"It's fine to get lost in it and it's actually good, but still it's a lot to do with just practicing and just remembering what this character's motives are," said Turner.

Turner and Marshall said they thought at first it would be difficult to connect with other actors. One of the charms of in-person theater is the downtime. Actors off stage run lines. They cut up and have fun when the director works with someone else. It turns out, one-on-one and small group bonding still happens, courtesy of Zoom breakout rooms.

"Oh, it's weird. Once you are not able to see them face to face or even be around them and get to know them it's weird. You feel like you are losing some of that chemistry. So, you have to kick in a second gear and work harder to get the chemistry to work out between the roles," said Turner.

Turner and Marshall agreed acting online is not easy, but if you put your heart into it, it is very fun.

ISU theater education professor Jimmie Chrismon said the ISU students overseeing most of the festival plays have had to learn a new way of directing in a virtual environment. It's not a stage. It's not a movie screen, nor even a TV screen. This is a really tiny screen in which micro expression matters -- a lot.

"They're having to look at more subtle things, how they can interact with each other in those 'Brady Bunch' style boxes of Zoom, figuring out how to tell the story when they are not in the same space together. It has been fun to watch them grapple with that," said Chrismon.

A virtual environment has some things a stage does. Chrismon said there's directionality. Students look up or over at another box if you can fiddle with zoom settings, so the dominant box doesn't pop around the screen.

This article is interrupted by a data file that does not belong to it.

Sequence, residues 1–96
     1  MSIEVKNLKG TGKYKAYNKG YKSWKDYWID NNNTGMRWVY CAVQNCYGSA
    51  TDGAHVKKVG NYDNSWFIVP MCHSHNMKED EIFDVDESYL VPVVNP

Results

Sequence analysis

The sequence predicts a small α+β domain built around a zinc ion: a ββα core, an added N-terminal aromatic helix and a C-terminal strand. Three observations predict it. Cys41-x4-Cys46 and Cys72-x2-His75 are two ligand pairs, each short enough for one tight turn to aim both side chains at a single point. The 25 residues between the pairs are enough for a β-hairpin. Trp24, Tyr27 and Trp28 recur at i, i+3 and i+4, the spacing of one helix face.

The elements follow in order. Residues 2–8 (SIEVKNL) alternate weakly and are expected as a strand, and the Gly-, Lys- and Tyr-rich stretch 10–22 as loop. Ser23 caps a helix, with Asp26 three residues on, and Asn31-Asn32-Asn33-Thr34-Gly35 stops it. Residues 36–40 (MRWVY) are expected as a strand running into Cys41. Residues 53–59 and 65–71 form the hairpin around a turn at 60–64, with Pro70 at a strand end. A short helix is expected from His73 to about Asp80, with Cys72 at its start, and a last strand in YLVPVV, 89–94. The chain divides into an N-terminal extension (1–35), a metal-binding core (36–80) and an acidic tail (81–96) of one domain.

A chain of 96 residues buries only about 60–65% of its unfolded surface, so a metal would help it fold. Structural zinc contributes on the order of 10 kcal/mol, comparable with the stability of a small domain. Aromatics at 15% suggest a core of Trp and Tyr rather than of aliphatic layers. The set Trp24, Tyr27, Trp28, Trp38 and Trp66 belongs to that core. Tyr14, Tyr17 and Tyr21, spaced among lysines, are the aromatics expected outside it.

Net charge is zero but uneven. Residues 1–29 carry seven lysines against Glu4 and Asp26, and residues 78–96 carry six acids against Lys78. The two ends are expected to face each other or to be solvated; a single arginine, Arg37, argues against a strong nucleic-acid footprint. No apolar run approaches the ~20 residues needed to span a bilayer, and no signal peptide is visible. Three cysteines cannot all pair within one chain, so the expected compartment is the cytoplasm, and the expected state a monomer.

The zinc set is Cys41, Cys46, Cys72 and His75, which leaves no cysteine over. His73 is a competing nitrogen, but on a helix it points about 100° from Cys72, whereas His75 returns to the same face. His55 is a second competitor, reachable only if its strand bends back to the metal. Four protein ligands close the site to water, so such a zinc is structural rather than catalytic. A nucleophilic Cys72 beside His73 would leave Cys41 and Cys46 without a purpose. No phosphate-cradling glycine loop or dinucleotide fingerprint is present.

"I believe some of them have figured out how to pin the squares in place so they can do that," said Chrismon.

And having that steady grid of squares allows interactivity.

"Some duplicated props that they pass from one character to another. Person A would hand it to the right and the person beside them would grab it from the left and have a second prop, the exact same kind they work with so they are finding really inventive ways to deal with that," said Chrismon.

He said the host of the meeting -- er, director -- can mute and blank out a box when characters go off stage. And of course, some things stay the same.

"When there are students who don't come to rehearsal you figure out what you have to do in the moment and get as productive a rehearsal as possible," said Chrismon.

There are always distractions at rehearsal, but rehearsal recordings show the variety of interruptions multiplies on Zoom.

"I got distracted by the cat feeder in the background going off. It's terrifying. There's this recording of my aunt going, ‘Come get your food.’ It haunts my nightmares,” explained one actress after missing a cue.

Through all the fun, Bloomington-Normal high school students said the work of theater matters now more than ever. Normal West's Turner said it means something to him, but also to the community.

"It's really important to support it. The fact this is even happening is beyond me. I didn't think we would be having a play. And I really wanted to reach out to our community. I think that theater is slept on in our town and through the world to be honest. We mostly focus on movies," said Turner.

He said bringing the stage to the public is important during this uncertain time.

And Chrismon said even with all the make do's and adaptions, everywhere really is a stage.

"When we're faced with challenges, we, as artists, find ways to thrive and still tell our stories," said Chrismon.

The theater festival streams performances next week -- five days -- 12 plays.

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WGLT Senior Reporter Charlie Schlenker has spent more than three award-winning decades in radio. He lives in Normal with his family.